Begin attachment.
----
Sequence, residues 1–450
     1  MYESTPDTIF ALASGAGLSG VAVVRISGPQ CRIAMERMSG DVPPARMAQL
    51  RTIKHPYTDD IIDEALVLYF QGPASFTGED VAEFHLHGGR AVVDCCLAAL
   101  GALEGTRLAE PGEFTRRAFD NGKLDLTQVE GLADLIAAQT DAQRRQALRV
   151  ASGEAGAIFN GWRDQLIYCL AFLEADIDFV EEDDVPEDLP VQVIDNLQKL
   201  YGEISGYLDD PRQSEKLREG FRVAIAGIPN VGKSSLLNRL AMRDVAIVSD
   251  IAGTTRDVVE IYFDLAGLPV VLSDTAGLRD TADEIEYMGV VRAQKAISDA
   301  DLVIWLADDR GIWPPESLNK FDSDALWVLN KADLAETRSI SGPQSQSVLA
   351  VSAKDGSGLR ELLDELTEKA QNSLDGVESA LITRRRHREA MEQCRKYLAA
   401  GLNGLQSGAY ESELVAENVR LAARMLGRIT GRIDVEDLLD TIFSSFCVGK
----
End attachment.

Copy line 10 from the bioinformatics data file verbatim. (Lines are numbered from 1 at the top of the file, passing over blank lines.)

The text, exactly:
   401  GLNGLQSGAY ESELVAENVR LAARMLGRIT GRIDVEDLLD TIFSSFCVGK